Often when selling your business or your commercial real estate, one of the challenges is the ability of a buyer to obtain financing to fund the acquisition. Perhaps the buyer is coming up cash short or traditional bank financing is unable to cover the full asking price and the required LTV (loan-to-value) ratio.
This situation can happen quite often, but it does not mean all is lost or that as the seller, you need to drop your asking price.
In a recent business acquisition that I was brokering, the buyer was submitting offers about 15-20% lower than what we had determined the value of the business and the assets to be. In order to bridge that gap, we successfully negotiated a structure in which the seller held a promissory note for about 20% of the total asking value with the agreement that he would receive annual interest only payments over the next few years followed by a balloon payment of the full seller note amount.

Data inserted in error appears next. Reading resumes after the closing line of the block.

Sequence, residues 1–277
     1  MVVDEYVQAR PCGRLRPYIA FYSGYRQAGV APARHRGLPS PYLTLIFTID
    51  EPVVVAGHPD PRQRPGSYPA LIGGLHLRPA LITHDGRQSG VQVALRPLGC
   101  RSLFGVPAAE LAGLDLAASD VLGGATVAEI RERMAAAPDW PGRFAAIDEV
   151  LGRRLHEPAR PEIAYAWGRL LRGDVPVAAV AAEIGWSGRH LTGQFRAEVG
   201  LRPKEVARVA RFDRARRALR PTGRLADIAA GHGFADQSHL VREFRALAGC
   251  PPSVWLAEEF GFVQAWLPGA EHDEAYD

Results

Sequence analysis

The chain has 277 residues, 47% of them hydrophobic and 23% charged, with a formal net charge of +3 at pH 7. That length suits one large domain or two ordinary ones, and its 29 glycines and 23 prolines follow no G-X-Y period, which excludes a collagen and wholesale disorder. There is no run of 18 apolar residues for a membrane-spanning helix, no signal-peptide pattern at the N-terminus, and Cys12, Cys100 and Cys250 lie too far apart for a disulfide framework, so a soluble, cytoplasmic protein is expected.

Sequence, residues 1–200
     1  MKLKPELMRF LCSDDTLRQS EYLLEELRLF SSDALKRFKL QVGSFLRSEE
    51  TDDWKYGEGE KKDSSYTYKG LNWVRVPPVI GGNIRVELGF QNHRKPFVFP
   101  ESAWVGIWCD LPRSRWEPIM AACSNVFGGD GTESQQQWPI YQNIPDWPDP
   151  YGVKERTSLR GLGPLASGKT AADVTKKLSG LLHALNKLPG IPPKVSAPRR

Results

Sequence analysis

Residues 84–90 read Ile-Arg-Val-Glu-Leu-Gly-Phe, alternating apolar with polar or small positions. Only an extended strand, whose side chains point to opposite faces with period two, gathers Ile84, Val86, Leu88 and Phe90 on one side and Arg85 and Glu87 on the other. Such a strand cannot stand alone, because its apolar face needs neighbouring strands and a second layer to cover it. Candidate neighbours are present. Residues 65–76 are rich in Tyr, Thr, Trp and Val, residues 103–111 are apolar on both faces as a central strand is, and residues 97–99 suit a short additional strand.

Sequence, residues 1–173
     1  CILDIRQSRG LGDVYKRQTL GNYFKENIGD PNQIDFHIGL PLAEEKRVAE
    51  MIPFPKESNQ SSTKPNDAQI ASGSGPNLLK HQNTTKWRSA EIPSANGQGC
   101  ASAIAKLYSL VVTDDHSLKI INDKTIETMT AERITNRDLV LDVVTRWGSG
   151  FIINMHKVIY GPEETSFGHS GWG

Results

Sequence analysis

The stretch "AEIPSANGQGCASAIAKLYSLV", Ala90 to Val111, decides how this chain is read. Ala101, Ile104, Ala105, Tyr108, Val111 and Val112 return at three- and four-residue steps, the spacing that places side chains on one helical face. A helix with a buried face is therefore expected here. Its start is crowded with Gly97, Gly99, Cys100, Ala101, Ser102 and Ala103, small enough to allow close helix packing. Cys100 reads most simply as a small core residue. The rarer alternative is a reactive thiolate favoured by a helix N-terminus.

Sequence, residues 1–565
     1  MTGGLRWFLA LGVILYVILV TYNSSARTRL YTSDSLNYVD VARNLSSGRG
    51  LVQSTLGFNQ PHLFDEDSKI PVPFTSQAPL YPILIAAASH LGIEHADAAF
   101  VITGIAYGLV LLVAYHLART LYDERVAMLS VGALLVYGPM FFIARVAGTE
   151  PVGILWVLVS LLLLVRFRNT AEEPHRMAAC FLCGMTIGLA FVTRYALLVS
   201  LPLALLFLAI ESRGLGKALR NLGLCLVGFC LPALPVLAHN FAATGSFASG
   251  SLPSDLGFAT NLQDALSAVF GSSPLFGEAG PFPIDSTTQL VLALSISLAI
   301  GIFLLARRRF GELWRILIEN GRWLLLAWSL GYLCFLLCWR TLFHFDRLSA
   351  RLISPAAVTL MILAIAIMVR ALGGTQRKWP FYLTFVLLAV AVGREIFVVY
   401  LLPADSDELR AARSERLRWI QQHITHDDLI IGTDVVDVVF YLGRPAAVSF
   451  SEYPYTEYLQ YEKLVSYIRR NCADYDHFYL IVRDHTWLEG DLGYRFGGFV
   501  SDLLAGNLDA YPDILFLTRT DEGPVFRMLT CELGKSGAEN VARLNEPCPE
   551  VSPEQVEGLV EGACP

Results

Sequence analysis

It is true there was some risk to the seller, but in exchange for that risk, he was able to receive 80% of his asking price up front, charge a premium interest rate and receive payments and the remaining amount at a future date.
The deal turned out to be a win-win for both parties on a transaction that would otherwise not have closed without the seller willing to take on some of the risk.